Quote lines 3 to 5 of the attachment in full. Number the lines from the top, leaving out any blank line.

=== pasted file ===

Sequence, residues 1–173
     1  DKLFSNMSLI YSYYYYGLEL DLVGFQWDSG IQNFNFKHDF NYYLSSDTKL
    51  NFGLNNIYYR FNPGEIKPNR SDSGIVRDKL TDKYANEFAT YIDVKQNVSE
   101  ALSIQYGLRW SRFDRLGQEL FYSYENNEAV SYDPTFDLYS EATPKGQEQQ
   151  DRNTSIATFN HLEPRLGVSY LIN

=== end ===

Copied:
    51  NFGLNNIYYR FNPGEIKPNR SDSGIVRDKL TDKYANEFAT YIDVKQNVSE
   101  ALSIQYGLRW SRFDRLGQEL FYSYENNEAV SYDPTFDLYS EATPKGQEQQ
   151  DRNTSIATFN HLEPRLGVSY LIN